housed. A diaphragm equipped with a hollow rod, also a floating
piston fitted with a small rod, a/re incorporated in the low r er cylinder.

During recoil the piston of the upper cylinder compresses the
liquid, forcing it to pass through various valves, also openings
formed between the pipe and the hollow rod of the diaphragm. The
passing of the liquid through these different openings constitutes the


braking, in so moving, the liquid opens the valves (which are widely
opened at the beginning of the recoil and gradually close in propor-
tion to the decrease of the speed of the recoil). At the same time,
the air in the lower cylinder is compressed by the action of the
liquid on the diaphragm. To return to battery at the end of the
recoil, the compressed air forces the diaphragm back. The liquid
thus compressed acts directly on ,the upper cylinder piston, causing
it to return to its initial position.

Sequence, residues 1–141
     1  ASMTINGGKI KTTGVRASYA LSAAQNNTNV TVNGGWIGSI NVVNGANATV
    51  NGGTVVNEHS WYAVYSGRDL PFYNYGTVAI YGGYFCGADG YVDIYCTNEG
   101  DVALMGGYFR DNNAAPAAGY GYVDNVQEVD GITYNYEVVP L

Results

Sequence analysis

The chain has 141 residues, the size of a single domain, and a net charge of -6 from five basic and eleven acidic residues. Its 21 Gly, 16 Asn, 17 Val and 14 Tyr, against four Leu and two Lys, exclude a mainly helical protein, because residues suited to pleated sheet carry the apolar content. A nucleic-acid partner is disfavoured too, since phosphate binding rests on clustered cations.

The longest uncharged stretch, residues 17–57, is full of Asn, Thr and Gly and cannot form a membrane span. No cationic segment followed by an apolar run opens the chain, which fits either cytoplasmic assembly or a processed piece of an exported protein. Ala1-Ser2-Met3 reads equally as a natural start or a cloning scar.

The interior of the recoil mechanism was maintained confidential
by the French Government before and during the war, and when its
manufacture was taken over by the Ordnance Department, agree-
ment was made to continue the secrecy of these parts. Very fine
adjustments are made when the parts are assembled, and conse-
quently no repairs or adjustments are permitted to be made in the
field. The complete recoil mechanism must be sent to special


repair depots. The recoil mechanism will function properly without
the operating personnel understanding the interior mechanism.

The angle of site mechanism consists of a handwheel and gears,